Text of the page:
'6. The combination as claimed in claim 4 wherein said Wedge-shaped driving end of said body is defined by intersecting planar surfaces.

*7. The combination as claimed in claim 6 in which the included angle between the intersecting planar surfaces is in the order of 120.

References Cited UNITED STATES PATENTS 1,361,059 12/1920 Hoff 8545 X 2,770,998 11/1956 Schwartz 85-45 2,964,290 '12/1960 Mueller 25129'1 FOREIGN PATENTS 943,521 12/ 1963 Great Britain.

WILLIAM F. ODEA, Primary Examiner.

D. R. MATTHEWS, Assistant Examiner.

Patent Citations
Cited PatentFiling datePublication dateApplicantTitle
US1361059 *Mar 4, 1920Dec 7, 1920Pure Carbonic CompanyGas-valve
US2770998 *Dec 15, 1954Nov 20, 1956Robert F SchwartzTamper-proof screw having frusto-conical head with flat tool engaging facets thereon
US2964290 *Jul 22, 1957Dec 13, 1960Mueller CoService cross
GB943521A * Title not available
Referenced by
Citing PatentFiling datePublication dateApplicantTitle
US4911193 *Jul 19, 1988Mar 27, 1990British Gas PlcTemporary or permanent blocking of the bore of a pipe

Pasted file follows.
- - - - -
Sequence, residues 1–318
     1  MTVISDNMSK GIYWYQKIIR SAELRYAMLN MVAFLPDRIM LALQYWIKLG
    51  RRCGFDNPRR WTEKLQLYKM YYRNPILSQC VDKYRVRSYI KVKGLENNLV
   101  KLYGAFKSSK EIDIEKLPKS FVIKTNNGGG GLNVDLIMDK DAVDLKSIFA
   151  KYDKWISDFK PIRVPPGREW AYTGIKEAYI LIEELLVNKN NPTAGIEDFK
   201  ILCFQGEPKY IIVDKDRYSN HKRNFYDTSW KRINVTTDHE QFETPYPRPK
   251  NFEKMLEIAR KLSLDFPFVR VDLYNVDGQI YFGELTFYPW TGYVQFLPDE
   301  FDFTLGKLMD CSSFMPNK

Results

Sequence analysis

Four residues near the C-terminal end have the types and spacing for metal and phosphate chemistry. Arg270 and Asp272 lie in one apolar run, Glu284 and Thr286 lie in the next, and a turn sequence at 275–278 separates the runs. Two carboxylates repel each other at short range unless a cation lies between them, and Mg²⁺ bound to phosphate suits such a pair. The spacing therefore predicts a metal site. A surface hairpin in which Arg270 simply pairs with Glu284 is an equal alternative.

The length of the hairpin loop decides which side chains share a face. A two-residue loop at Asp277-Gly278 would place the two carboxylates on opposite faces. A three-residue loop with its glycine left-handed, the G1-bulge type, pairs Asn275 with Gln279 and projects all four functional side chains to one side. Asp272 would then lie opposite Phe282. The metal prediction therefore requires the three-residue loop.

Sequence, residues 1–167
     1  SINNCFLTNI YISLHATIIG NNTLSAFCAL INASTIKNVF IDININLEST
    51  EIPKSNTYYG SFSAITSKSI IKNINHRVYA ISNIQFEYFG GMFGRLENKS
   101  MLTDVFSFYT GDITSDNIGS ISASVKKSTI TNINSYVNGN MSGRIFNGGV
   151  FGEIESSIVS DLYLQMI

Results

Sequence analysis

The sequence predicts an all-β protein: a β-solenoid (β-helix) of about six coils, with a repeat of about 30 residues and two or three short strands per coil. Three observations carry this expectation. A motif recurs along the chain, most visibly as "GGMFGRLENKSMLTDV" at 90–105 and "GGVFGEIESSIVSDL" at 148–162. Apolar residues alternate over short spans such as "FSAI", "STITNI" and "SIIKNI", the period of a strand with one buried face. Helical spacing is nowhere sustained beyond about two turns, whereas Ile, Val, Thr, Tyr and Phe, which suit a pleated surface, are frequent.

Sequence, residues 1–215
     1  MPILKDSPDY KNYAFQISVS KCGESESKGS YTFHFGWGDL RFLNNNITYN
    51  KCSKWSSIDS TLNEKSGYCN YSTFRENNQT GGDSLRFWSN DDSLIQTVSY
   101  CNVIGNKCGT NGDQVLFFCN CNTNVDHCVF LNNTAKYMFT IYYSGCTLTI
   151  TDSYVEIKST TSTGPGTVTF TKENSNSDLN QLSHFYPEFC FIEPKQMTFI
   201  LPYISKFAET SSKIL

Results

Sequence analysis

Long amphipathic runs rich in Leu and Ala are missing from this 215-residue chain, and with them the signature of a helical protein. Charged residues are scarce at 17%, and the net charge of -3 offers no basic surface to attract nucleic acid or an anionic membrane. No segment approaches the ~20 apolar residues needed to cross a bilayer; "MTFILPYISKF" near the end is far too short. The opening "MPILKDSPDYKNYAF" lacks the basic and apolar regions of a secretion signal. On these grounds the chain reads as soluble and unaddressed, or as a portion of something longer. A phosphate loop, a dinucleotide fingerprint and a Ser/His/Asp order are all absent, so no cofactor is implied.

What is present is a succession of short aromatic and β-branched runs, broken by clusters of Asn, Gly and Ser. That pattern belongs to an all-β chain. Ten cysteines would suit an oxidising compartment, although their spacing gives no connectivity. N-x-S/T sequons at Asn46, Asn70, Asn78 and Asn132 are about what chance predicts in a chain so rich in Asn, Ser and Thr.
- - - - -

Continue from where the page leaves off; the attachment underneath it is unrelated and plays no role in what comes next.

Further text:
US4969482 *Dec 1, 1988Nov 13, 1990Flodyne Controls, Inc.Emergency fuel shut-off valve
US5557041 *Mar 3, 1995Sep 17, 1996Sanford, Jr.; James W.Modified water meter arrangements
US5918624 *Mar 12, 1998Jul 6, 1999Young; William C.Gas meter quick change meter bar
US5934304 *Apr 13, 1998Aug 10, 1999Peterson; Michael H.Apparatus and method for gas meter bypass
US6283153 *Jun 30, 1999Sep 4, 2001The Better Way Company, LlcFlow valve
US6648009 *Jun 10, 2002Nov 18, 2003Jomar InternationalTamper-proof ball valve
US7152621Sep 19, 2003Dec 26, 2006R.W. Lyall & Company, Inc.Integrated gas meters bar device and locking shut-off valve
US7325782 *Jan 18, 2006Feb 5, 2008Innovative Technology Concepts, Inc.Remotely activated manifold shut-off
US7360554Dec 7, 2006Apr 22, 2008R.W. Lyall & Company, Inc.Integrated gas meter bar device and locking shut-off valve
US7604216Oct 20, 2009Innovative Technology Concepts, Inc.Remotely activated manifold shut-off
US20040035477 *Aug 25, 2003Feb 26, 2004Mico, Inc.Auto-relieving pressure modulating valve
US20060118746 *Jan 18, 2006Jun 8, 2006Innovative Technology Concepts, Inc.Remotely activated manifold shut-off
US20070079876 *Dec 7, 2006Apr 12, 2007R.W. Lyall & Company, Inc.Integrated gas meter bar device and locking shut-off valve
US20080142749 *Dec 7, 2007Jun 19, 2008Gebler Kirk ARemotely activated manifold shut-off
US20100000612 *Sep 15, 2009Jan 7, 2010Innovative Technology Concepts, Inc.Remotely activated manifold shut-off and method of using the same
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Classifications
U.S. Classification137/327, 137/15.3, 137/599.13, 73/201, 251/291, 137/315.41, 138/94, 29/402.3
International ClassificationG01F15/18, G01F15/00
Cooperative ClassificationG01F15/185
European ClassificationG01F15/18B